Brooks Palmer is a stand-up comedian who regularly performs in Chicago, Los Angeles and New York, so I was surprised, even disappointed, that Palmer didn’t write Clutterbusting with humor. Once I got over that twist, I found compassion, wisdom, and the most absurdly creative exercises that I have ever read to help ANYONE loosen ties to stuff. If someone gets this book and only reads the exercises, they will draw huge benefit from it.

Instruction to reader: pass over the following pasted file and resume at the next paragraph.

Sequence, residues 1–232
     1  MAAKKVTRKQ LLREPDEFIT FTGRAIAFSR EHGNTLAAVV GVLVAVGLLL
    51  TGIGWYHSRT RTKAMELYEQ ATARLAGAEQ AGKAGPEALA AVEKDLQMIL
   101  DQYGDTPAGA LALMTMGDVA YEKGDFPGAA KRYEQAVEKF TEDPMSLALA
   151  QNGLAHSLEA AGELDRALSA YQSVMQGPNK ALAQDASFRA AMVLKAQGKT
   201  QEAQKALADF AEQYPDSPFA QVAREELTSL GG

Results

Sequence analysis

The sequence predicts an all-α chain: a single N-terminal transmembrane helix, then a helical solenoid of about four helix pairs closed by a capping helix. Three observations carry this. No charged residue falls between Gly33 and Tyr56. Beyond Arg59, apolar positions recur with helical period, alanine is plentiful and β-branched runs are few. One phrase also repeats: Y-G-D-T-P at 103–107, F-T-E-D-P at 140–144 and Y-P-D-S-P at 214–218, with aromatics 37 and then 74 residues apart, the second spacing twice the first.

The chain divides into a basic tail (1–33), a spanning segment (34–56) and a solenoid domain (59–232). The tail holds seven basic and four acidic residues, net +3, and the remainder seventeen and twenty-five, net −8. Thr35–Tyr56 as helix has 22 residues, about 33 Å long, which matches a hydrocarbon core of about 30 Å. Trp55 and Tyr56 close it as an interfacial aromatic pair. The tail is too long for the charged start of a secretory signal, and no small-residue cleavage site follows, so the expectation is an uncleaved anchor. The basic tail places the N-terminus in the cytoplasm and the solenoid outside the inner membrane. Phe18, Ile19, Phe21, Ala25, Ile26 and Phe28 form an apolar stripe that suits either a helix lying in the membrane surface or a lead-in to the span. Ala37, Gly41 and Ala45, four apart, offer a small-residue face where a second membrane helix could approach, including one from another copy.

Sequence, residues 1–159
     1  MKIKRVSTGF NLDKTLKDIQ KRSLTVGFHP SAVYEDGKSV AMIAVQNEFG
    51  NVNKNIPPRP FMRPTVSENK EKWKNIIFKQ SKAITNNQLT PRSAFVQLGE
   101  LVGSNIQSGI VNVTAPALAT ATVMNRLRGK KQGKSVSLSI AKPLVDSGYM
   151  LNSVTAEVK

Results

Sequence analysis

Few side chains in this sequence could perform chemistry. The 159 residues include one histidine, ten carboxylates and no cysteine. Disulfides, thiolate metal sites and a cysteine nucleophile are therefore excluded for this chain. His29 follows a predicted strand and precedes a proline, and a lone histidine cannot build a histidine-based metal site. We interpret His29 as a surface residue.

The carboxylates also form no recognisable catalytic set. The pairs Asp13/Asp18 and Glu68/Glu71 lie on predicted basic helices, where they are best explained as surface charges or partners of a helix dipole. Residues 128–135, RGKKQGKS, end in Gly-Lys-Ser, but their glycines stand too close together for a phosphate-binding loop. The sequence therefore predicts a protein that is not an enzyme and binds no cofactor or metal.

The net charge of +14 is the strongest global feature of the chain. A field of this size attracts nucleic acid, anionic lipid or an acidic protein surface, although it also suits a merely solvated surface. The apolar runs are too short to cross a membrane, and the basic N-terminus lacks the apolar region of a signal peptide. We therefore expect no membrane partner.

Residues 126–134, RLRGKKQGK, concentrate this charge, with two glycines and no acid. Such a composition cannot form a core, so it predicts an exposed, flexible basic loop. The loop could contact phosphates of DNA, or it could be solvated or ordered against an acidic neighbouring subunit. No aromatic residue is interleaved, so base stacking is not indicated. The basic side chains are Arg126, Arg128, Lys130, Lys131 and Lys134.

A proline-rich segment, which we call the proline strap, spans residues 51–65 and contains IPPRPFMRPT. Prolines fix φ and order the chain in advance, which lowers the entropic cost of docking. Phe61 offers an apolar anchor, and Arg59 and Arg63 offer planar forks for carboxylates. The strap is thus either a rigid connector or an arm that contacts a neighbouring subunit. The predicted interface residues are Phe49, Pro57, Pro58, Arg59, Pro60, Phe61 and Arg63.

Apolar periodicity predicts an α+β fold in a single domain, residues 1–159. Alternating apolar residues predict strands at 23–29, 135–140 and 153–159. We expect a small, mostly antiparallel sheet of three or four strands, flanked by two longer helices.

Much of Palmer’s orientation reminds me of other works I’ve read which emphasize Zen and Feng Shui practices. Palmer believes that anything can be clutter. He also holds that clutter has emotional foundations; finding your emotional underpinnings of your attachment to any item allows you to let go of the thing. It’s a theme echoed in books from many other authors, from Julie Morgenstern to Cindy Glovinsky to Karen Kingston. Palmer’s orientation, while just as gentle as theirs, is more blunt. For example, he’s fond of words other Professional Organizers avoid: trash, garbage, dirty. And he believes in getting to the core emotions as quickly and thoroughly as possible. No hiding, no gradual approach. The minute you realize what’s holding you back – analyze, react, acknowledge, embrace… Not easy, but worthwhile.
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